This is a great topic of discussion, thanks for starting it BB.
I have sat with rapt attention at a performance by a highly respected traditional performer who did not utter a word during the whole performance. It was brilliant.
I have also sat with rapt attention at a performance by a highly respected performer who told so many long involved stories that she only sang about four songs in each set. It was brilliant.
So to me the issue is not how much time you take introducing a song, or whether or not you say anything in between songs, the issue is that as an audience member I have to "buy in" on the journey you are taking me on. In both of the above cases, I bought in big time, because of the strength of their performance -- not just which songs, but how they were presented, what order they came in, what was said before and after, etc. In other words, they had thought about the performance almost like a theatre piece (whether or not it was completely scripted). They knew what atmosphere and emotion they were trying to create, and everything they did on stage pointed toward that goal.
One of the best pieces of advice I ever got about performing is that your task in developing your performance style is to uncover or discover who you are on stage. And who you are on stage, just like who you are in life, is going to be different from anyone else. Just like those two performers were so different, yet both so compelling.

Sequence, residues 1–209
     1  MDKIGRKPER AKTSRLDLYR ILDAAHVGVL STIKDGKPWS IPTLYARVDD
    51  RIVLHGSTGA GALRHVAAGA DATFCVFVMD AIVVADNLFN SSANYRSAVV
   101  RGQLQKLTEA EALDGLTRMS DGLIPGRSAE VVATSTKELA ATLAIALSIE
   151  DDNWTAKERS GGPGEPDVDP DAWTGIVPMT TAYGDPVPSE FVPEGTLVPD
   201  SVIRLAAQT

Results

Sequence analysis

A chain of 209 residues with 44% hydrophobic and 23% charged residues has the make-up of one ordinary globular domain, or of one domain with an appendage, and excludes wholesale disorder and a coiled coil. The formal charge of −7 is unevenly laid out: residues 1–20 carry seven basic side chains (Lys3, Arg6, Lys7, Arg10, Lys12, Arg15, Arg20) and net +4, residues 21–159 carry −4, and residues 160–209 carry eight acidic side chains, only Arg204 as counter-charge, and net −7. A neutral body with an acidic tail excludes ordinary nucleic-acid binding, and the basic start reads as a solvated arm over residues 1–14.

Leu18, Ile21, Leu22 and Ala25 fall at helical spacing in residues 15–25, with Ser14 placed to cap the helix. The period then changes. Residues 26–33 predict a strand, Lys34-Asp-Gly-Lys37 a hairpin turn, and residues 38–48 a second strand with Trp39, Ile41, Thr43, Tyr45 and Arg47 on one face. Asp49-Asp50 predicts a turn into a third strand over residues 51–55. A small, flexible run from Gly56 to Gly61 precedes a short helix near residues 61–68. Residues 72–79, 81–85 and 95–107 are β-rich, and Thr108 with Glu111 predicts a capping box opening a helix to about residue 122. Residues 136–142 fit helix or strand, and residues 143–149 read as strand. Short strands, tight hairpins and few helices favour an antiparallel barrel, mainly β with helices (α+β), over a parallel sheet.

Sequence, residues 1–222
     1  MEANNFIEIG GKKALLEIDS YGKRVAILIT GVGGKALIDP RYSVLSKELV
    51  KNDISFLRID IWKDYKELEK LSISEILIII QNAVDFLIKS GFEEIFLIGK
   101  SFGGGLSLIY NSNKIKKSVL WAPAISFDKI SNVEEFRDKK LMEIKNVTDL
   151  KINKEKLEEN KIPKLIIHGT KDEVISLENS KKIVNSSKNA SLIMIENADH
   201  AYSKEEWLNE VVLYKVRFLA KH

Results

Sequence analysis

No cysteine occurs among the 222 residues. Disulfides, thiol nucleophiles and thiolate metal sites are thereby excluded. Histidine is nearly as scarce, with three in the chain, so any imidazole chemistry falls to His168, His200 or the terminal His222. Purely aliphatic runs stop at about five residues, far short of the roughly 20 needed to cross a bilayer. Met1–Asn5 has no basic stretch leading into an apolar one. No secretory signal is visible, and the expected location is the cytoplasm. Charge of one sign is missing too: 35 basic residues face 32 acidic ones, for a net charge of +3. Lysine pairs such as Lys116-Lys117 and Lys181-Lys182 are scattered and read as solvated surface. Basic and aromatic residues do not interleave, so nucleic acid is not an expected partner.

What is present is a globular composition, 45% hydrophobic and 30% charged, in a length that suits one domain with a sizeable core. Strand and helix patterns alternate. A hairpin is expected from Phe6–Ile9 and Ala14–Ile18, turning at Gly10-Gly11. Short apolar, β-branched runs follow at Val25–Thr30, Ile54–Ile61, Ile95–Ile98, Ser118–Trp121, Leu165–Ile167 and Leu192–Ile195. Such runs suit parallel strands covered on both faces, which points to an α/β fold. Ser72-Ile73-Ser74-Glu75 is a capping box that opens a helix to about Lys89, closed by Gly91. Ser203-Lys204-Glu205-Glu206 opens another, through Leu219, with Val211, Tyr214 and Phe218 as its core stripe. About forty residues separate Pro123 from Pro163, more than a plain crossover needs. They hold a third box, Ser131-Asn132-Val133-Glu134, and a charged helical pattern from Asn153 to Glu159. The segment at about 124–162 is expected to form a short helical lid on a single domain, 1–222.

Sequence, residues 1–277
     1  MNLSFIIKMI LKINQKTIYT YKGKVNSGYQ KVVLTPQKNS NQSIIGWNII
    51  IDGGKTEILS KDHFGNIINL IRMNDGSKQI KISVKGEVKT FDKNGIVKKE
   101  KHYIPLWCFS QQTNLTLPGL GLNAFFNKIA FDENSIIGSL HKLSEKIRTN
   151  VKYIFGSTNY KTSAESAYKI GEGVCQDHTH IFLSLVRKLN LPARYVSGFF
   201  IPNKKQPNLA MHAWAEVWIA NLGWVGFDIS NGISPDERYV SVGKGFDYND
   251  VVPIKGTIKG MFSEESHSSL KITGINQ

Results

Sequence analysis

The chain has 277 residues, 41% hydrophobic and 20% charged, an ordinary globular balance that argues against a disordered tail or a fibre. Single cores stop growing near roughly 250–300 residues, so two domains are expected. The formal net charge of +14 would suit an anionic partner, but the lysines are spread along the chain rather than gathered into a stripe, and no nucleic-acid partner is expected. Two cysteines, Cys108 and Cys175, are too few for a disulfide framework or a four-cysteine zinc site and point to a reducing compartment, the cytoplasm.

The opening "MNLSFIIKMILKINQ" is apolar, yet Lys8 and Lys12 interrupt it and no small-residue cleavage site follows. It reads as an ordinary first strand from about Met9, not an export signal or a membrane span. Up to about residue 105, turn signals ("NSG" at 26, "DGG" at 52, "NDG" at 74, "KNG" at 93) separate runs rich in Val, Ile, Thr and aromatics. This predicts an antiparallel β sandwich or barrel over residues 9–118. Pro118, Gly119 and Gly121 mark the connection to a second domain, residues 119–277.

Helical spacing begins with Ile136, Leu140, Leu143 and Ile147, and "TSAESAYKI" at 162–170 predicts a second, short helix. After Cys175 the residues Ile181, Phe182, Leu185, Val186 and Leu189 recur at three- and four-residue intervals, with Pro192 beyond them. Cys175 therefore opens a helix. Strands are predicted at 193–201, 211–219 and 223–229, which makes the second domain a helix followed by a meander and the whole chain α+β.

When I'm putting together a set list or thinking about a performance, I'm always thinking about the arc of the performance. I want to have some highs and lows, some places where I talk, and maybe some places where I don't talk at all. I try to have some variety in the styles of songs I'm singing (key, accompaniment style, happy/sad, etc.) I have introductions to songs that I've honed over time, but I try not to recite a memorized speech. I also have some songs that I can introduce with an involved story or a short sentence, which allows me to read the moment and do what I think is needed at the time.
Having said that, if you are just starting out performing, it might take some time to get comfortable with the idea of being in the moment when you are on stage. So if it helps you to have memorized introductions at first, I would say do that, but with the idea that as you get more comfortable you can move towards being more spontaneously "you" on stage.